underway to protect life and property. Ensure that your emergency
supplies kit is stocked and ready.

Closely monitor NOAA Weather Radio or other local news outlets for
official storm information. Listen for possible changes to the
forecast.

* Additional sources of information:
- for information on appropriate preparations see ready.Gov
- for information on creating an emergency plan see getagameplan.Org
- for additional disaster preparedness information see Redcross.Org

Next update
-----------

The next local statement will be issued by the National Weather
Service in Corpus Christi TX around 2 am CDT, or sooner if conditions
warrant.



1037 PM CDT Wed Aug 23 2017

This product covers south Texas

**tropical depression Harvey continues toward the Texas coast**

New information
---------------

* changes to watches and warnings:
    - none

* current watches and warnings:
    - a Hurricane Watch is in effect for Bee, Goliad, Jim Wells, Live
      Oak, and Victoria
    - a storm surge watch and Hurricane Watch are in effect for
      Aransas, Calhoun, Kleberg, Nueces, Refugio, and San Patricio

* storm information:
    - about 490 miles southeast of Port Aransas TX or about 510 miles
      south-southeast of Port Oconnor TX
    - 21.9n 92.6w
    - storm intensity 35 mph
    - movement northwest or 325 degrees at 2 mph

Situation overview
------------------

Tropical Depression Harvey continues to move very slowly over the
southern Gulf of Mexico. Harvey is expected to continue to
strengthen as it approaches the Texas coast Thursday into Friday.
Tropical storm force winds could approach coastal areas in the
coastal Bend as early as Friday morning.

Heavy rainfall is expected through much of the area with rainfall
totals of 6 to 12 inches possible across the southern coastal Bend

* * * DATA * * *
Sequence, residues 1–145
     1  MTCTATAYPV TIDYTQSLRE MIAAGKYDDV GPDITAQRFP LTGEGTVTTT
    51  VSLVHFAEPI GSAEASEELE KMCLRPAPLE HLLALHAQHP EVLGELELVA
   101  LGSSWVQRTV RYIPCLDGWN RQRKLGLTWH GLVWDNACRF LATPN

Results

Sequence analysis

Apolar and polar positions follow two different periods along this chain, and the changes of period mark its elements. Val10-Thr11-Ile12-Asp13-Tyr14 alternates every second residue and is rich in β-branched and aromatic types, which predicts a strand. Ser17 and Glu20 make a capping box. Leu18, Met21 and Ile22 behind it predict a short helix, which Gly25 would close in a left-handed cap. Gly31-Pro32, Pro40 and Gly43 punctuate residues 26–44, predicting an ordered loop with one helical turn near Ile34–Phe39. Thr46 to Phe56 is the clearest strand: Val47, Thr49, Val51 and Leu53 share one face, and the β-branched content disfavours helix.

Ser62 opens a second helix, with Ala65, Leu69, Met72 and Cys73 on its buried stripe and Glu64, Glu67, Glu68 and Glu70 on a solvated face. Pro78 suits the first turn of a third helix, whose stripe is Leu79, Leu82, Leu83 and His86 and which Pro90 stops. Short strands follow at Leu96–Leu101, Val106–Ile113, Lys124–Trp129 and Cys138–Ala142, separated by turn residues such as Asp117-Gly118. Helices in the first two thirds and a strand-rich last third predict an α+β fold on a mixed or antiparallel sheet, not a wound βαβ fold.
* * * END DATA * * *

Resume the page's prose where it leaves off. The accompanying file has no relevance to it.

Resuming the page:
and 10 to 15 inches possible across the northern coastal Bend and
Victoria Crossroads. Isolated higher amounts are possible. Lesser
amounts are expected further west. These numbers and locations are
subject to change depending on the exact Point of landfall along the
Texas coast. Flash flooding is possible with these high rainfall
totals. The heaviest rains will occur Thursday night through
Saturday.

Peak storm surge inundation is generally expected to be 4 to 6 feet
above ground level along and to the right of where the center
crosses the coast. Impacts would be felt along the barrier islands
and into the inland bays and waterways. Isolated locations could see
slightly higher inundation.

Tornadoes are possible as rainbands move onshore Thursday night
through Saturday.

Potential impacts
-----------------

* flooding rain:
prepare for dangerous rainfall flooding having possible significant
impacts across the coastal Bend. Potential impacts
include:
    - moderate rainfall flooding may prompt several evacuations and
      rescues.
    - Rivers and tributaries may quickly become swollen with swifter
      currents and overspill their banks in a few places, especially
      in usually vulnerable spots. Small streams, creeks, canals, and
      ditches overflow.
    - Flood waters can enter some structures or weaken foundations.
      Several places may experience expanded areas of rapid
      inundation at underpasses, low-lying spots, and poor drainage
      areas. Some streets and parking lots take on moving water as
      storm drains and retention ponds overflow. Driving conditions
      become hazardous. Some Road and bridge closures.

* Surge:
prepare for life-threatening surge having possible significant
impacts across across the middle Texas coast and barrier islands. Potential
impacts in this area include:
    - areas of inundation with storm surge flooding accentuated by
      waves. Damage to several buildings, mainly near the coast.
    - Sections of near-shore escape routes and secondary roads become
      weakened or washed out, especially in usually vulnerable low
      spots.
    - Major beach erosion with heavy surf breaching dunes. Strong and
      numerous rip currents.
    - Moderate damage to marinas, docks, boardwalks, and piers.
      Several small craft broken away from moorings, especially in
      unprotected anchorages.

Elsewhere across south Texas, little to no impact is anticipated.

* Wind:
prepare for life-threatening wind having possible extensive impacts
across the coastal Bend. Potential impacts in this area
include: